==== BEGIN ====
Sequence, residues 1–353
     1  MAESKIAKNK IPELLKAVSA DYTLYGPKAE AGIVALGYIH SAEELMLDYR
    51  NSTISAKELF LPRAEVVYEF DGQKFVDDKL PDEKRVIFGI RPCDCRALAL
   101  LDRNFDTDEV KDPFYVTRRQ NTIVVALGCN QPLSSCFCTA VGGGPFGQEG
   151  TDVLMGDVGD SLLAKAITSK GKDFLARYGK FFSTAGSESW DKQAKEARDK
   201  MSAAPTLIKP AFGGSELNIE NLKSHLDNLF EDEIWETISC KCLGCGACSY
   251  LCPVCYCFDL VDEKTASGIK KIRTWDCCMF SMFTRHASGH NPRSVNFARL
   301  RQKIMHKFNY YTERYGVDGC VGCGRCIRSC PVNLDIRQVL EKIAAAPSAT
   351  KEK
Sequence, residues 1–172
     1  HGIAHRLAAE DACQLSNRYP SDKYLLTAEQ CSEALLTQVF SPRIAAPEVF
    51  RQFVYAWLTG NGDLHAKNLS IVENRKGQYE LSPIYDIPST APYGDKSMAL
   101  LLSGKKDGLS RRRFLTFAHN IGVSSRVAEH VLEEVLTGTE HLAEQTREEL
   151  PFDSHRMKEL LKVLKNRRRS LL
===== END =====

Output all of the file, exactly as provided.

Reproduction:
Sequence, residues 1–353
     1  MAESKIAKNK IPELLKAVSA DYTLYGPKAE AGIVALGYIH SAEELMLDYR
    51  NSTISAKELF LPRAEVVYEF DGQKFVDDKL PDEKRVIFGI RPCDCRALAL
   101  LDRNFDTDEV KDPFYVTRRQ NTIVVALGCN QPLSSCFCTA VGGGPFGQEG
   151  TDVLMGDVGD SLLAKAITSK GKDFLARYGK FFSTAGSESW DKQAKEARDK
   201  MSAAPTLIKP AFGGSELNIE NLKSHLDNLF EDEIWETISC KCLGCGACSY
   251  LCPVCYCFDL VDEKTASGIK KIRTWDCCMF SMFTRHASGH NPRSVNFARL
   301  RQKIMHKFNY YTERYGVDGC VGCGRCIRSC PVNLDIRQVL EKIAAAPSAT
   351  KEK
Sequence, residues 1–172
     1  HGIAHRLAAE DACQLSNRYP SDKYLLTAEQ CSEALLTQVF SPRIAAPEVF
    51  RQFVYAWLTG NGDLHAKNLS IVENRKGQYE LSPIYDIPST APYGDKSMAL
   101  LLSGKKDGLS RRRFLTFAHN IGVSSRVAEH VLEEVLTGTE HLAEQTREEL
   151  PFDSHRMKEL LKVLKNRRRS LL